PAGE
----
Best/Most efficient way to update a string field in all of the collections with large number of documents

I’m new to MongoDB with data in Mongo Atlas. I’ve to write a query to update a string field in a collection with large number of documents (north of 500,000). What is the best/ most efficient way to update a string field (say update the case) in all of the collection? Also, is there a way to flag any records that fail the operation or I’ve to resort to JS functions?

I’ll appreciate some pointers towards any material that discusses tips, pitfalls, best practices etc.

Thank you.

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Hey :wave: @ibacompre,

Welcome to the MongoDB Community forums :sparkles:

There are two ways to do that, one is db.collection.updateMany() and another one is Bulk.find.update().

The updateMany operation is overall faster as it is parsed as an ordered bulk write operation that can re-use the resources when modifying the grouped documents matching the applied filter.

Whereas bulk operations create multiple different operations as shown below - that are sent in a single request to the server but are performed as a single separate operation:

var bulk = db.items.initializeUnorderedBulkOp();
bulk.find( { status: "D" } ).delete();
bulk.find( { status: "P" } ).update( { $set: { points: 0 } } )

The benefit of bulk operations over separate operations is that it generates a single request to the server for all included operations instead of a new request for each operation. It also allows us a higher level of control as to what documents are updated to minimize the risk of conflicting updates or undesired updates.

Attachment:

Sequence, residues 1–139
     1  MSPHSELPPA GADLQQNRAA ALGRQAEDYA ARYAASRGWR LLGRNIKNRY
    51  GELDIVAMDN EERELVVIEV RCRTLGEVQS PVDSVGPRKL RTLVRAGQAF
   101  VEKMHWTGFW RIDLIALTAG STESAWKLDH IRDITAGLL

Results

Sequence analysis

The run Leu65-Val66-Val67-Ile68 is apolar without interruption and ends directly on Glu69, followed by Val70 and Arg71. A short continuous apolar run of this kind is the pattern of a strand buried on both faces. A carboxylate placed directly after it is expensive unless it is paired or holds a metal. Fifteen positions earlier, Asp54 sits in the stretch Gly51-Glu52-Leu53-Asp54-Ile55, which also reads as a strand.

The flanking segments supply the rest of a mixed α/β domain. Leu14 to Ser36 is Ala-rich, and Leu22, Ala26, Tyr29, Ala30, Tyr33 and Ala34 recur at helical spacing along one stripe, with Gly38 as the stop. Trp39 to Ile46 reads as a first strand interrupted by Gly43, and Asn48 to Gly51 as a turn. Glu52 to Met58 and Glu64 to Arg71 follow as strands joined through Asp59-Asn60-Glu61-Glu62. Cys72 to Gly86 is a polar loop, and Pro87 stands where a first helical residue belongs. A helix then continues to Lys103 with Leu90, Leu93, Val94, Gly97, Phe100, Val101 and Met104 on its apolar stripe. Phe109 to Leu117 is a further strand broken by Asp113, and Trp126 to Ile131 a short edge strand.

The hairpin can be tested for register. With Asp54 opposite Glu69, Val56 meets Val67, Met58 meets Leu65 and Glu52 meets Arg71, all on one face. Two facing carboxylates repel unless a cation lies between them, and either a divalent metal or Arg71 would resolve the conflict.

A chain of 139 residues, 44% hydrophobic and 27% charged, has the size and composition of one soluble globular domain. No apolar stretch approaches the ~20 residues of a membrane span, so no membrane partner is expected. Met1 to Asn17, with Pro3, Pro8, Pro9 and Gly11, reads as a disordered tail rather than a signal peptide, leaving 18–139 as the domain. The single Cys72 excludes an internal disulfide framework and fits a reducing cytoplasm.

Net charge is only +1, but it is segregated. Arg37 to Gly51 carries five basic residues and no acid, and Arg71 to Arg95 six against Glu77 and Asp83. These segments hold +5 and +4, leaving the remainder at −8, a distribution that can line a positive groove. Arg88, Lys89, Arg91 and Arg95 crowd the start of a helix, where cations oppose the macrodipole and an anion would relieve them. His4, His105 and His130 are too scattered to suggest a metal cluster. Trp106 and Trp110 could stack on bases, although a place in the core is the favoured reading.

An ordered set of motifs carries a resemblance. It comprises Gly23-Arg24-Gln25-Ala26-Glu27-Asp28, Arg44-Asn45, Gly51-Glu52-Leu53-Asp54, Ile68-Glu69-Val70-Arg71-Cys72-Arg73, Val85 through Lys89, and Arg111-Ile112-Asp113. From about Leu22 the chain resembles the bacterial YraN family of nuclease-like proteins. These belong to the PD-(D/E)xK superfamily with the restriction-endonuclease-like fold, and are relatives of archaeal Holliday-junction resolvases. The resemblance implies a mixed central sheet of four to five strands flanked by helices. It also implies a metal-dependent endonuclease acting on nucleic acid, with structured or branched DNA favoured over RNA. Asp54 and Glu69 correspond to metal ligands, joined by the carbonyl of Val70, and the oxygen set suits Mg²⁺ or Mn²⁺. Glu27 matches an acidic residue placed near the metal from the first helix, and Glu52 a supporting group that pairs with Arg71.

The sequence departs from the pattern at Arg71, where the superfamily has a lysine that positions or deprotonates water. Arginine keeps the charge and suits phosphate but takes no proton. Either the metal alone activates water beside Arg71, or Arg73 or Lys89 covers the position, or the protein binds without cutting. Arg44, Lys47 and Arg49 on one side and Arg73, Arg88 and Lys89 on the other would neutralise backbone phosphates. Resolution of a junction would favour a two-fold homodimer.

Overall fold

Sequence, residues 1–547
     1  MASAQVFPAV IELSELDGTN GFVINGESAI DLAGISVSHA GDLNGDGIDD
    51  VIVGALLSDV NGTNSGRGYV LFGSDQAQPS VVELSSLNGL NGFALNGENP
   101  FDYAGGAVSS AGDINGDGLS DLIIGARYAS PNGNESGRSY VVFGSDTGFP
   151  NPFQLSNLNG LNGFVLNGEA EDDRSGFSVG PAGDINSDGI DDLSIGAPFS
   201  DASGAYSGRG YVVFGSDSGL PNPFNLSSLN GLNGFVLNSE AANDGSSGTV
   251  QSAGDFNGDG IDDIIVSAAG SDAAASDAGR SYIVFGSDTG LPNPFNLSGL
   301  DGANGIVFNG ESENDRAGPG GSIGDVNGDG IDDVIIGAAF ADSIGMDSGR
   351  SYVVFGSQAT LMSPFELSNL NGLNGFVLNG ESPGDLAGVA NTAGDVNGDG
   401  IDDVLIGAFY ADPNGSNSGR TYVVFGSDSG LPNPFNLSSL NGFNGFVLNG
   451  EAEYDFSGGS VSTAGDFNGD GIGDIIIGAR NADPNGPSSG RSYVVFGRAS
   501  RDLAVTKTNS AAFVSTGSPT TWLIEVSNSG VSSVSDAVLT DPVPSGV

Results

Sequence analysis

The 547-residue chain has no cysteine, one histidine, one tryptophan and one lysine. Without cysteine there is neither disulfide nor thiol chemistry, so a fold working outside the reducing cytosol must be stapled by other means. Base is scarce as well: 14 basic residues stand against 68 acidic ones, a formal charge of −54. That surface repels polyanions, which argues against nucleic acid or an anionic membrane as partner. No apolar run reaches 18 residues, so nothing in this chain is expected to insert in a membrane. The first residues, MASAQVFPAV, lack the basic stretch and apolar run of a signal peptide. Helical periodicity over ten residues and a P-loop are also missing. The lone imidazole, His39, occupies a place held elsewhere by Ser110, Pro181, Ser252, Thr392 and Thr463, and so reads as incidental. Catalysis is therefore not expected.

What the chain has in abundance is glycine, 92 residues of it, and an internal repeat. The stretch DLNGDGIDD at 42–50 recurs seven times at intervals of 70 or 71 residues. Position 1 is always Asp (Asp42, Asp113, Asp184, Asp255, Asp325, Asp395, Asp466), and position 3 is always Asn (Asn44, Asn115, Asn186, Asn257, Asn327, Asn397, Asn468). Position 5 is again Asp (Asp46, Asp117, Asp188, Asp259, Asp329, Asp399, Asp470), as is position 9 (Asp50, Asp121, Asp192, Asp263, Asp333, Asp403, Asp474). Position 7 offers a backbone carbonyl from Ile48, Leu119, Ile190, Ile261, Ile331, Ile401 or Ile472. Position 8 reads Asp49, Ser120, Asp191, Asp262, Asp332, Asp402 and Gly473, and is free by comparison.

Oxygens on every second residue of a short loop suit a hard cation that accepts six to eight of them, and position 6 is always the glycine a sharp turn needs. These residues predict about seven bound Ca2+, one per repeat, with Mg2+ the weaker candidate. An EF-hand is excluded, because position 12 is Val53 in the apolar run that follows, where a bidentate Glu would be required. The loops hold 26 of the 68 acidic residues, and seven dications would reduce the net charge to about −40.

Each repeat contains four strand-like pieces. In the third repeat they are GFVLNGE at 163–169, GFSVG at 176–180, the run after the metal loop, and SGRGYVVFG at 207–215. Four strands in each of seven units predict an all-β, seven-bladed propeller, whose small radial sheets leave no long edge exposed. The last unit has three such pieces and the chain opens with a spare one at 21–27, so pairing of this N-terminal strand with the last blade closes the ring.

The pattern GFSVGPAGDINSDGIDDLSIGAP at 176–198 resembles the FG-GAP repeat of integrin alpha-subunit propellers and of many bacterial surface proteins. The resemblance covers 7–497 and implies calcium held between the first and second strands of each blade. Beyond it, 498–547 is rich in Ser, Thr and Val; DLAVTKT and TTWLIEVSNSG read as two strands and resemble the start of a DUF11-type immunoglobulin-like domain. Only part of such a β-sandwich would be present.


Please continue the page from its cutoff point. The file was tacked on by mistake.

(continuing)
I think you can use either one of them.

If you are absolutely sure that the data to be updated is clean (i.e. won’t have failures), then updateMany & bulkWrite are valid options. For bulkWrite: Excluding Write Concern errors, ordered operations stop after an error, while unordered operations continue to process any remaining write operations in the queue, unless when run inside a transaction.

However, if you cannot be sure of the cleanliness of the data, using updateOne in a loop with proper error handling may be more efficient in the long run. The problem documents can be recorded in a list to be looked at later, while the loop can continue processing the rest of the job. This may be less efficient for the server compared to the bulk method, but if you’re expecting an error to happen, this could be a more efficient process.

In conclusion, What is the best/most efficient way depends on the use case and whether any error is expected in the data. Also would depend on the required “efficiency”, whether it’s an efficiency of the whole process in the face of errors, or efficiency for the server hardware.

If you have any doubts, please feel free to reach out to us.

Kushagra Kesav


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